Which brings me to my second youngest sister — my sister who will never read this, who will never understand exactly what the words on this page mean, because she was born with an extremely rare genetic disorder, Trisomy 14.

Many people often ask me, “So what does a disorder like Trisomy 14 actually look like?”

If I could sum it up briefly, I would say that cognitively she ranges anywhere from a 2 year old to a first grader. She is extremely sensitive to light and sound. Physically, most babies born with Trisomy 14 have numerous cardiac problems but she was thankfully spared from this, although whenever she has let me listen to her heart rhythm with my stethoscope I have always noticed that her heart rate was a little too high (borderline tachycardic). Stature wise, she’s pretty short and one half of her body is longer/bigger than the other side. The difference in leg length (which was about 3 inches) caused a major problem until she had surgery on the knee of her longer side to stop the growth on that side. If you have the time or inclination, you can read a little bit more about my sister’s genetic disorder here.

Circa 1987.

Circa 1987. I think somebody must have fallen and bonked her nose!

My sister is incredibly unique — and a lot of people, even people who have known her for many years, are often baffled by her. On the outside she appears to be capable of acting somewhat mature: She may ask you how you’re feeling, or why you look tired. She may notice that you got new shoes, or that you got a haircut. She might tell you that her bus broke down on the way home from her adult day program. She’ll notice if you sound like you’re sick. She can keep up a semi-coherent conversation with you. But then she may suddenly turn into a demanding two year old when she sees that you’re touching her ipod or if she thinks you’re being mean to her (which is something that she frequently misinterprets). She might very well scream at you, and if you’re thinking she’s much more mature than that, it can be quite shocking. Lastly, if you interfere with her schedule, watch out! She is a lover of routine, and thrives in knowing exactly what to expect. Change is hard for her.

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My relationship with my sister is pretty one-sided much of the time. And yet I love her so much. I give the Lord credit for the deep love I have for this sister of mine. She is who she is– wonderful, difficult, unpredictable, gregarious, loving, easily upset… and I accept her as such. I don’t let her get her way all the time if I can help it. She and I have always been close, since we were really little. She was easier-going back then and we always had a great time playing together (which translates to me constantly picking her up and swinging her around!)

What a cutie! She's 3 years old, and still not walking.

What a cutie! She’s 3 years old here. Still learning to walk.

That being said, I’m not her primary caretaker. My parents are. I am not the one to help her shower, or to make her meals, or to tell her for the millionth time to stop hugging strangers. As beautiful and as unique as she is, I also see the constant need for correction and instruction wearing my parents down. They’ve been at it for 28 years with her. It’s a battle knowing which things to just completely avoid (such as taking her to a really busy or loud event that might overstimulate her). And… if you can imagine parenting your two year old– year after year, with little improvement or growth, you can just imagine the weariness my parents experience. And yet I see them continue to pursue what is best for her, even though they are often exhausted. My parents’ perseverance  impresses me. Their task is not easy, and it is not short. But they press on.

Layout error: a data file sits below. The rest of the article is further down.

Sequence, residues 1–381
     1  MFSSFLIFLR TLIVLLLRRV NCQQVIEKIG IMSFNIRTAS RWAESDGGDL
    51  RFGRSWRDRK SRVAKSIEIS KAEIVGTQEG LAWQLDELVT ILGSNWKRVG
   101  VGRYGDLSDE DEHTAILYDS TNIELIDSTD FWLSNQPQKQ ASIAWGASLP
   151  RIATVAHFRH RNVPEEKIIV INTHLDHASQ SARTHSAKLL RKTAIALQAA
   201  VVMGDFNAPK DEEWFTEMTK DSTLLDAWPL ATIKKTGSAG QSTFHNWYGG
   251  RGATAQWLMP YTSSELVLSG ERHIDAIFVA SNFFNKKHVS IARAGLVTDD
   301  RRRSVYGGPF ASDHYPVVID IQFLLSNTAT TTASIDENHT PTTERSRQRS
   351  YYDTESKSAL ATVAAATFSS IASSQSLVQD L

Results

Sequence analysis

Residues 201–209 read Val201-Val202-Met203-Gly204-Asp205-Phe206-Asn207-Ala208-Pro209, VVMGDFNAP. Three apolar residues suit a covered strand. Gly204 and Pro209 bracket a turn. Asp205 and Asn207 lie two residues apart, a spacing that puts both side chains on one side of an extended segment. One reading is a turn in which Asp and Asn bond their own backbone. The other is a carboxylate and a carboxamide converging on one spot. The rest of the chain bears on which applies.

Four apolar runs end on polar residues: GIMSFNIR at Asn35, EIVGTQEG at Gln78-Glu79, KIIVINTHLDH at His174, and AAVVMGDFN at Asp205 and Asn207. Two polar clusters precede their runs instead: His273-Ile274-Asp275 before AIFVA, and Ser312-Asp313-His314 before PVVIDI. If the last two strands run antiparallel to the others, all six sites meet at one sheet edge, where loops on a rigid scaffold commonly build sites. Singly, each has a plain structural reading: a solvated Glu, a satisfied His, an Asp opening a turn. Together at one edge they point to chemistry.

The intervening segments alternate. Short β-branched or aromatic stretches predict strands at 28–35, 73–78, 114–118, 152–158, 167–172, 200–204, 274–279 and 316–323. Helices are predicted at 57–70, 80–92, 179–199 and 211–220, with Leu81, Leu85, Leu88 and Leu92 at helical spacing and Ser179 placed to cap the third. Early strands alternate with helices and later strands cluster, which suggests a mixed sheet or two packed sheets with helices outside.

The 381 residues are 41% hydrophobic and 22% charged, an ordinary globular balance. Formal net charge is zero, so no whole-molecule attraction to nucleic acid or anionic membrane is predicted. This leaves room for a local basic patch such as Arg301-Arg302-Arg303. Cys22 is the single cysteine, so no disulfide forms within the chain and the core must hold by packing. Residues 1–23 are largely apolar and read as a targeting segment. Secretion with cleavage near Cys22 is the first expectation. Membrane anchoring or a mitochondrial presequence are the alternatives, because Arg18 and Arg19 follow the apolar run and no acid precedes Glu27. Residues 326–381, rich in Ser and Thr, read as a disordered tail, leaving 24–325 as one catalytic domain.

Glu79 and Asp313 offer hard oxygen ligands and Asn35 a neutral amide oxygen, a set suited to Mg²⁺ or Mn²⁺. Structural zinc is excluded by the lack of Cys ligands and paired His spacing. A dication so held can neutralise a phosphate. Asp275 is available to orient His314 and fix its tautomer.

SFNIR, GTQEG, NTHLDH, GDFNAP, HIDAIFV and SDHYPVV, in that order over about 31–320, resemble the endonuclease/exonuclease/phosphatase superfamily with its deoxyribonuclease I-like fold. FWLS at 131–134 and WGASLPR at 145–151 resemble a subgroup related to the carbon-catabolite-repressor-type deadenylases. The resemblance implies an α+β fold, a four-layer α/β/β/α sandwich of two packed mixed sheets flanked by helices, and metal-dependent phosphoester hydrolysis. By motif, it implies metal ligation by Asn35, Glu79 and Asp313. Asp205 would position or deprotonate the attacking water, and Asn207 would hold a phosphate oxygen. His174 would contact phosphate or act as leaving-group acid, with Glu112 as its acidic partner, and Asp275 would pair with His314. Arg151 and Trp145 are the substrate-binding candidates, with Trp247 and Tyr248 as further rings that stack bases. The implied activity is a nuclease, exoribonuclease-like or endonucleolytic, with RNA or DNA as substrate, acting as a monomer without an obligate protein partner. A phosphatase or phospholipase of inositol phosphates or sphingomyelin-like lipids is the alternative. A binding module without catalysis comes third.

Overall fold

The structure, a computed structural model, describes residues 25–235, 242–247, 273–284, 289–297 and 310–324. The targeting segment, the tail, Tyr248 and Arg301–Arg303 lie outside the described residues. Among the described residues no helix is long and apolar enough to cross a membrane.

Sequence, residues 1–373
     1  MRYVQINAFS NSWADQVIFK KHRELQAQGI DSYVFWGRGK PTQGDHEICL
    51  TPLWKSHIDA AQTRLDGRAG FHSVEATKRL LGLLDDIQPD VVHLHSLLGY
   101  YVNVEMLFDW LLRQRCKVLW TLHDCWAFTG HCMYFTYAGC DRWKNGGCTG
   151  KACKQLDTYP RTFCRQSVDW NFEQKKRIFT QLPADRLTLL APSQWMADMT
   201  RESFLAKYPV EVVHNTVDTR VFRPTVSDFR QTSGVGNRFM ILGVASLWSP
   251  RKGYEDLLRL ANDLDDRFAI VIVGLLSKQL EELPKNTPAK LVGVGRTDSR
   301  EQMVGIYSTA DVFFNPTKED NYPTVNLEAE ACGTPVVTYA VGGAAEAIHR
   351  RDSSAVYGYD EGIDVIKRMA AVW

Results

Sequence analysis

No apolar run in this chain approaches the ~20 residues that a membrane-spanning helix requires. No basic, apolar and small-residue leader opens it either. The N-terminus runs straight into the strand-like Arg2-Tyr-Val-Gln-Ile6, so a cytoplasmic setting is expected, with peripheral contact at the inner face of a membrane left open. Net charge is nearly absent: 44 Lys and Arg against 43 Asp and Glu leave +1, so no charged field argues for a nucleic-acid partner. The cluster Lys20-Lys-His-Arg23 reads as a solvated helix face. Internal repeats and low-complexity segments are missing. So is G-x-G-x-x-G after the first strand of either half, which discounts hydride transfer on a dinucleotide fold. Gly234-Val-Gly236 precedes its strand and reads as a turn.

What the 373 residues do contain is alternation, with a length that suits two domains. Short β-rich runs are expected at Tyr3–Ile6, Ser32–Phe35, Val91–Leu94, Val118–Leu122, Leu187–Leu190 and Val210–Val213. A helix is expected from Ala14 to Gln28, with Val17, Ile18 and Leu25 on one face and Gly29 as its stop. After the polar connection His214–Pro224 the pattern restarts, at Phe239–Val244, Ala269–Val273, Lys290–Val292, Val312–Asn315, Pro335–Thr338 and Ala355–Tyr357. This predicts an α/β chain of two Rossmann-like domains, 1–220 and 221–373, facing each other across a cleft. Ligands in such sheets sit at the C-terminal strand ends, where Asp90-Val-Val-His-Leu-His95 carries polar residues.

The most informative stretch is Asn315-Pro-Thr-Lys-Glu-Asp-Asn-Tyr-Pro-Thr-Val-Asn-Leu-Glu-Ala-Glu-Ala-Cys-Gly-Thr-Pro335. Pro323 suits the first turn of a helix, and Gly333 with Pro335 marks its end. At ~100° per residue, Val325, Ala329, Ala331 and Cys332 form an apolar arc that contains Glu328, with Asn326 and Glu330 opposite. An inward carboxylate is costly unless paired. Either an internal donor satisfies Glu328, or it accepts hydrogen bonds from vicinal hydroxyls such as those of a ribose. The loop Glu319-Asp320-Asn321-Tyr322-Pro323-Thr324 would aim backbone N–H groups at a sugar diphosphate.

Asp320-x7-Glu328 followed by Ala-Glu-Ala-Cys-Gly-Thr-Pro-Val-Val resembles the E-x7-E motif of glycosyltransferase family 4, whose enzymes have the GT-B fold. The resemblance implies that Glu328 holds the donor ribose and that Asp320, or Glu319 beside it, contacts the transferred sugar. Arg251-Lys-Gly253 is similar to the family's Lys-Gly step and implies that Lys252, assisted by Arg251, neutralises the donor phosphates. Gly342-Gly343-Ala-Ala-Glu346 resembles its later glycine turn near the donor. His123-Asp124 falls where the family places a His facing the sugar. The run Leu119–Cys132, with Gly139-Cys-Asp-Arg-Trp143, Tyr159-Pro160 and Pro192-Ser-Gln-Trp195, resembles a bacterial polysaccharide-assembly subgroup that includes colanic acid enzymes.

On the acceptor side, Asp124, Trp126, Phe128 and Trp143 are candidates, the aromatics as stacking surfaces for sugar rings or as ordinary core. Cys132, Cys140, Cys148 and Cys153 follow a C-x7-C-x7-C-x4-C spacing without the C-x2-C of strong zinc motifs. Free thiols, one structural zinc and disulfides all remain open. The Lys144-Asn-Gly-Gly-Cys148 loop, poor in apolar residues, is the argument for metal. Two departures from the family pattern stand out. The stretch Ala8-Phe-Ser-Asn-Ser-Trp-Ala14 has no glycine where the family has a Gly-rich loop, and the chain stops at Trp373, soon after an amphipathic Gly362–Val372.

Being a goofball.

Being a goofball.

There are incredibly hard days which turn into hard weeks and even months. Weariness aside, my mom has often told me that my little sister has been very, very good for our family. She’s absolutely right. My sister is an extraordinary, most wonderful gem. Her unique situation has caused all of us family members to grow in unexpected ways. We are often pushed to our limits by her. We are brought more quickly to joy and laughter by her. And lastly, we are hugged and loved more by her than anyone else! She will make us want to cry in frustration and simultaneously shake our heads in amusement, and we love her for it.

Lastly, if you have a disabled child, you probably understand and face many of the same challenges that my family faces. You know what it’s like to not be able to always go to church or to take a family vacation. You get it when I say that one little change in your child’s routine wrecks the entire day. But it is for those of you who have never known what’s it’s like to live with or parent a disabled child that I write this blog post. To shed some light and to facilitate understanding. We are occasionally met with disapproving glances from others who know nothing of the situation, and it’s hard given the daily grind of parenting a child who will never fly from the nest. Please, I beg of you, give grace to those families you know with disabled children– to the mother who’s disabled son just ran up to you in the grocery store and invaded your personal space, or to the girl who looks like she’s twenty-something but is throwing a temper tantrum at Disneyland for no apparent reason. It is more challenging and wearying than what often meets the eye.